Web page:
End-of-Life & Palliative Care in Delhi
The World Health Organization defines palliative care as an approach that improves the quality of life of patients and their families facing the problems associated with life-threatening illness, through the prevention and relief of suffering through assessment and treatment of pain and physical, psychosocial and spiritual needs. (WHO)
The field of palliative care is growing rapidly. A recent article from NPR Health News highlights the current state of palliative care in America and the growing need for licensed palliative care practitioners within the US to adhere to patient needs and meet the best practice standards. India has some of the highest rates of oral and oesophageal cancers, yet only a tiny faction of those coping with life-threatening or life-limiting illness have access to effective pain relief. There is a lack of facilities, personnel trained in palliative care, and cultural awareness of the importance of palliative and end of life care.
CFHI’s local partner in New Delhi is a non-profit organisation founded in 1996 with a mission to work towards a caring and supportive society where people with cancer and their families live with dignity, hope and comfort. It is our mission to enable these people to make informed choices while receiving appropriate physical, emotional, social and spiritual support. The organisation was established as a 3 month pilot project in collaboration with the cancer hospital in the All India Institute of Medical Sciences (AIIMS), New Delhi, to bring palliative care to the homes of six patients with terminal cancer along with Ruth Wooldridge, a nurse from the UK. Today, the home-based palliative care programme is the largest in India. At any one time more than 2000 cancer patients and their families are being visited and cared for by our palliative care teams. It is well regarded both at home and abroad for the high quality of its services which continue to be provided free of charge to underprivileged cancer patients and their families resident in Delhi and the National Capital Region.
Travel to Delhi, India, the second most populous city on the planet. Join small healthcare teams on homecare visits within the city of Delhi. Throughout rotations, learn from physicians, nurses and social workers providing primarily free services to low income families. Gain access to the very personal patient-provider relationship unique to this field, while learning how to implement a pragmatic palliative care model in the developing world. Understand how culture impacts communication and decision-making amongst patients, families and physicians.
Become immersed in Indian culture while living in a private apartment in a residential neighborhood in south Delhi. Visit Delhi’s numerous museums, restaurants, and shops or visit World Heritage sites like the Red Fort or Humayun's Tomb. CFHI participants may also choose to organize day trips over the weekend to the spectacular Taj Mahal and Agra Fort.
CFHI's partner organizations in Delhi offer participants the opportunity to participate in rotations and activities in some or all of the following settings:
Home Care - 28 Home Care teams – each consisting of a doctor, nurse and counsellor –enable patients and families to do this. The frequency of home visits and the goals of care are tailored to the needs of patients and their families.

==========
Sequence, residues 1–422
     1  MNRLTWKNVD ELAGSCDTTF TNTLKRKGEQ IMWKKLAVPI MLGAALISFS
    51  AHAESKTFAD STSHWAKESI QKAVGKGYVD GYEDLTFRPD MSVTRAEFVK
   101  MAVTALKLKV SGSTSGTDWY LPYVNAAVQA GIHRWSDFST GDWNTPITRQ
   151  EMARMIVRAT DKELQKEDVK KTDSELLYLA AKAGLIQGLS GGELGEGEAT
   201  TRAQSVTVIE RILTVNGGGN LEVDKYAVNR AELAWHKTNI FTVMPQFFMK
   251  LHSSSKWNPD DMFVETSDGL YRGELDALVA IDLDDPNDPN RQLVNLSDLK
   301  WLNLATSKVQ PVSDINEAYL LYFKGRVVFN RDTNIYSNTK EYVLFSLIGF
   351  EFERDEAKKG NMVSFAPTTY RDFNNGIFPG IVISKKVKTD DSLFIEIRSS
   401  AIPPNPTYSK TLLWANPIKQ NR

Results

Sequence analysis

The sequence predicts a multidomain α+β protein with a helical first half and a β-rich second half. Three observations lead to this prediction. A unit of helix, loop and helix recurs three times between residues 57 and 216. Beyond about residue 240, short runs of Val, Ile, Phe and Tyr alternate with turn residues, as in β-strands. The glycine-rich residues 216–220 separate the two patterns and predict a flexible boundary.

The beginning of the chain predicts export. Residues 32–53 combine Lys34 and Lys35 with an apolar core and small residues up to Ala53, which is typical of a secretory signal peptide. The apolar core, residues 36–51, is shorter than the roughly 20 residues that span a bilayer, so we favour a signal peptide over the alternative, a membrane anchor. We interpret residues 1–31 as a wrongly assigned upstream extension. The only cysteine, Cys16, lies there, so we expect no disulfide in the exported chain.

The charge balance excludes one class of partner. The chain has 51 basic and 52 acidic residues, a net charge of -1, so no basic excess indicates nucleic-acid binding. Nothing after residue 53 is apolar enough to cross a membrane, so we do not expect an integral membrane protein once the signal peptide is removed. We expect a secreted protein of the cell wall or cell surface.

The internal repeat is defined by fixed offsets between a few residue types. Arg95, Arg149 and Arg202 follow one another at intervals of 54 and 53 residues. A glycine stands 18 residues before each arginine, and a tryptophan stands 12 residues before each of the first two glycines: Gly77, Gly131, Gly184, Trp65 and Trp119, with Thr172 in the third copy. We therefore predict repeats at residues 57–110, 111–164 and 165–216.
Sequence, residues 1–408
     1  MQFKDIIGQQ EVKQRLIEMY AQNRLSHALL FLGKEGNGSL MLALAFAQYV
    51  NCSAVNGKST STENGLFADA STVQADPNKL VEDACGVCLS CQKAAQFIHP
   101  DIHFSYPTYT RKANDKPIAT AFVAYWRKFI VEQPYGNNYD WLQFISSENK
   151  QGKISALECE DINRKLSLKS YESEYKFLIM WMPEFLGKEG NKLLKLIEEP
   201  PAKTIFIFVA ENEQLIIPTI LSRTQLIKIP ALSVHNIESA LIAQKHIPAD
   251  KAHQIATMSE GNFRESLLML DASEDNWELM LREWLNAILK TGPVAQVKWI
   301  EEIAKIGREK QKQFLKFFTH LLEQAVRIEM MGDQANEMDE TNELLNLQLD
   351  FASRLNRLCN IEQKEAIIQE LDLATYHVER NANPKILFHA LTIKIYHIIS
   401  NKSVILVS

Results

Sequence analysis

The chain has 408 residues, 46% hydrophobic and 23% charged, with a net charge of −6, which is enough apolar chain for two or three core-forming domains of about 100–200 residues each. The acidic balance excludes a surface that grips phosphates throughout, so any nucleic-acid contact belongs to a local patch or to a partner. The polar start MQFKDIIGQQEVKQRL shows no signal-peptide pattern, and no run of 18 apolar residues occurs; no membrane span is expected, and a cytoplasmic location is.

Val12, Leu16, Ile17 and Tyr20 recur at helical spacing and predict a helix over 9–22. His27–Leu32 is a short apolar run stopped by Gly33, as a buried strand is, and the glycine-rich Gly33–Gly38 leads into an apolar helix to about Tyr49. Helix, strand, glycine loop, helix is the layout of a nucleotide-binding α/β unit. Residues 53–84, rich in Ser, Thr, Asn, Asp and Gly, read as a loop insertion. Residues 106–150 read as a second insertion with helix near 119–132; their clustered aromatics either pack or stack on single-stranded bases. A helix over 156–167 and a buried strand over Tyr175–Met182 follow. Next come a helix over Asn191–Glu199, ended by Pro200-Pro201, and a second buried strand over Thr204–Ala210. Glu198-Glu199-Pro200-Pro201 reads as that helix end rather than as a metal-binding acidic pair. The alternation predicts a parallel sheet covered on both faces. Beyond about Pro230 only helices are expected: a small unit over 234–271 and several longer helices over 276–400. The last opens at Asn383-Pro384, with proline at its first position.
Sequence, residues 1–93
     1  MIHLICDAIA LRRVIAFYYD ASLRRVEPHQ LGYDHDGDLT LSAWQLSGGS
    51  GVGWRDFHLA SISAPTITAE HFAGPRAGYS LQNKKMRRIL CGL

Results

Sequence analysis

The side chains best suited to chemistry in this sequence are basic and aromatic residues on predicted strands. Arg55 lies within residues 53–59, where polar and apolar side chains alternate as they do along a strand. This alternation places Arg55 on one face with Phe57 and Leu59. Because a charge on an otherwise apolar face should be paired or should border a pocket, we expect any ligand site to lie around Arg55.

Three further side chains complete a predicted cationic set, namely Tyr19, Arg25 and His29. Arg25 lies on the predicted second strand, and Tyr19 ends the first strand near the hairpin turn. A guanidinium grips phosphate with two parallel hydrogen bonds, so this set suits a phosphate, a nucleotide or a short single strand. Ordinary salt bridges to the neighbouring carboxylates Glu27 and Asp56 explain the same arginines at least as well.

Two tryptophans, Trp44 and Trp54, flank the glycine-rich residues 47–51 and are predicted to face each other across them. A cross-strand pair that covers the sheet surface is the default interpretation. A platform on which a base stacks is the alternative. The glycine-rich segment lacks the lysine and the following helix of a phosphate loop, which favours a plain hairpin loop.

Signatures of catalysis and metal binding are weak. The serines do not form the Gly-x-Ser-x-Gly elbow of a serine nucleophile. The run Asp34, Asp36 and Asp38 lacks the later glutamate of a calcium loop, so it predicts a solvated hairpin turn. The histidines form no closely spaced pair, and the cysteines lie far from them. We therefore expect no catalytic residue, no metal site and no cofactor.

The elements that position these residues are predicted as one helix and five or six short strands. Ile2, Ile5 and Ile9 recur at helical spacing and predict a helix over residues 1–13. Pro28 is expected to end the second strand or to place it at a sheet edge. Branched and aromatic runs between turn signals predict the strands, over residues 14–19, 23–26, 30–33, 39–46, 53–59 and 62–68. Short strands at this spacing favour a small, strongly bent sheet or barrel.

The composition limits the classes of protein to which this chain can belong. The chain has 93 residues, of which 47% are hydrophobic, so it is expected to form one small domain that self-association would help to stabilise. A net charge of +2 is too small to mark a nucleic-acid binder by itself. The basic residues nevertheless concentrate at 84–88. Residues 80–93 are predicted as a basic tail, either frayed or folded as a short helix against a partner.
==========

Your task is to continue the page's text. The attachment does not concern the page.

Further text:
Teams focus on providing:
- factual information to patients and families, communicating the pros and cons of different options to help them make informed decisions for themselves in the context of their own priorities
- pain relief and management of any distressing symptoms to maximize comfort and keep the patient functional
- comprehensive nursing care and provision of necessary medical equipment to help with daily activities of living
- family caregivers and even patients with simple nursing skills to regain control over their care
- patients and families an opportunity to talk and understand what to expect during the future course of their illness and know how to manage predictable symptom crises at home efficiently and not panic
- counselling and emotional support to help reconcile psychosocial and spiritual pains or help find ways of coping
- assistance to work through feelings of loss or grief
- practical support for financial, legal and other resource needs
Clinics - located near Delhi’s major cancer hospitals and offer the following facilities:
- Guidance to patients and their caregivers through the maze of cancer care from diagnosis to end of life, including information, education, consultation and navigation related to the type of cancer
- Prepare patients for curative therapies for better coping and compliance
- Pain and symptom management, especially managing side effects of curative therapies and keeping the patient comfortable and motivated during the therapy
- Outpatient nursing care, especially wound management
- Psychosocial support for patients and families
- Financial aid through government schemes for cost of treatment and investigations
- Referrals to home care and hospice care facilities
Day Care for children
Children undergoing cancer treatment as well as their parents and siblings can visit our Day Care centre every Monday. Volunteers pick them up from nearby Hospitals, and they spend a day filled with positive, life affirming activities such as art, craft, dance, storytelling and music. Meanwhile, their parents/caregivers get a chance to meet counsellors and fellow caregivers in the supportive environment of the Day Care centre.
A Nutritional support program offers children a daily breakfast and nutritional supplements. Children and adults alike enjoy a delicious lunch before they return to the hospital for their appointments. Festivals and special occasions are also celebrated throughout the year in the Day Care with great verve and gusto. A library and a non-formal education program keeps children in touch with studies while they are away from their homes.
Day Care for adults
Fridays are reserved for the Adult Day Care. Volunteers pick up patients and their caregivers from the dharamshalas outside partner hospitals and bring them to the Day Care for an enjoyable interlude in between treatments.
Patients are offered alternative healing practices such as yoga, meditation, visualization and music therapy. Volunteers are always ready to lend a supportive ear to hear their stories, share their pain and joy, talk and laugh with them. After a nutritious home cooked meal they go back feeling relaxed and cared for, having spent a pleasant day out at the Day Care.